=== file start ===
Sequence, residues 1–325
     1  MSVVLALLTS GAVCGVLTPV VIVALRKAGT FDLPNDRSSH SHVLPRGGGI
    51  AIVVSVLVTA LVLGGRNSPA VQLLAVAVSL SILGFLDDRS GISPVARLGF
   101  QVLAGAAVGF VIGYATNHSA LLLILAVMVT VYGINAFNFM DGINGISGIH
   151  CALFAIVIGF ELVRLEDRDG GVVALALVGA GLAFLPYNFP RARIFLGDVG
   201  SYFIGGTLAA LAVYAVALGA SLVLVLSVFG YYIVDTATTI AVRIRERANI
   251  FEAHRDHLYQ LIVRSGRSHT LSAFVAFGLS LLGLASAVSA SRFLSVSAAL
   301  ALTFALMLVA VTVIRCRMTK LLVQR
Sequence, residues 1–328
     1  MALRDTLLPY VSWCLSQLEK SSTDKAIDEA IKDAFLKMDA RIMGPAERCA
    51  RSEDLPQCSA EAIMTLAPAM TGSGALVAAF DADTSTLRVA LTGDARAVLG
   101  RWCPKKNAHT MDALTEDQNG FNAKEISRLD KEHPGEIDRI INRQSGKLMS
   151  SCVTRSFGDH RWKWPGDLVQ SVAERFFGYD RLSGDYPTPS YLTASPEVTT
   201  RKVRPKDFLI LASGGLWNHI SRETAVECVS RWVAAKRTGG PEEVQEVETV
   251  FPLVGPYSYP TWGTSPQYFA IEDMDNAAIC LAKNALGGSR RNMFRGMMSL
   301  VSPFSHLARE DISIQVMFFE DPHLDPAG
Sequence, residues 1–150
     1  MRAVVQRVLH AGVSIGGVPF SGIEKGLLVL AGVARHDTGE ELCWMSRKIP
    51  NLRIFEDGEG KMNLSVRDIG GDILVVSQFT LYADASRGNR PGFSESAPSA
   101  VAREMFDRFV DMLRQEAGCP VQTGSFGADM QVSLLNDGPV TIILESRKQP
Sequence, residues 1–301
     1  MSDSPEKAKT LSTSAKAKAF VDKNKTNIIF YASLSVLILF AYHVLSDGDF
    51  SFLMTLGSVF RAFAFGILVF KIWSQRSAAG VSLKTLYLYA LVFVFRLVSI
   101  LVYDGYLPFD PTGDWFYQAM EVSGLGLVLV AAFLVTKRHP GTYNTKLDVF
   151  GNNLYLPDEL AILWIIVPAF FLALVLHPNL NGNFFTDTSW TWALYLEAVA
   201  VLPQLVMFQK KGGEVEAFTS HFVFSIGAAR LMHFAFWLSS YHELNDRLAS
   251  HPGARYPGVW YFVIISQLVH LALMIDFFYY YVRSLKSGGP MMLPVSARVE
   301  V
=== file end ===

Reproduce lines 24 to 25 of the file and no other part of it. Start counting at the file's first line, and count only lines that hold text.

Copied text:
   101  LVYDGYLPFD PTGDWFYQAM EVSGLGLVLV AAFLVTKRHP GTYNTKLDVF
   151  GNNLYLPDEL AILWIIVPAF FLALVLHPNL NGNFFTDTSW TWALYLEAVA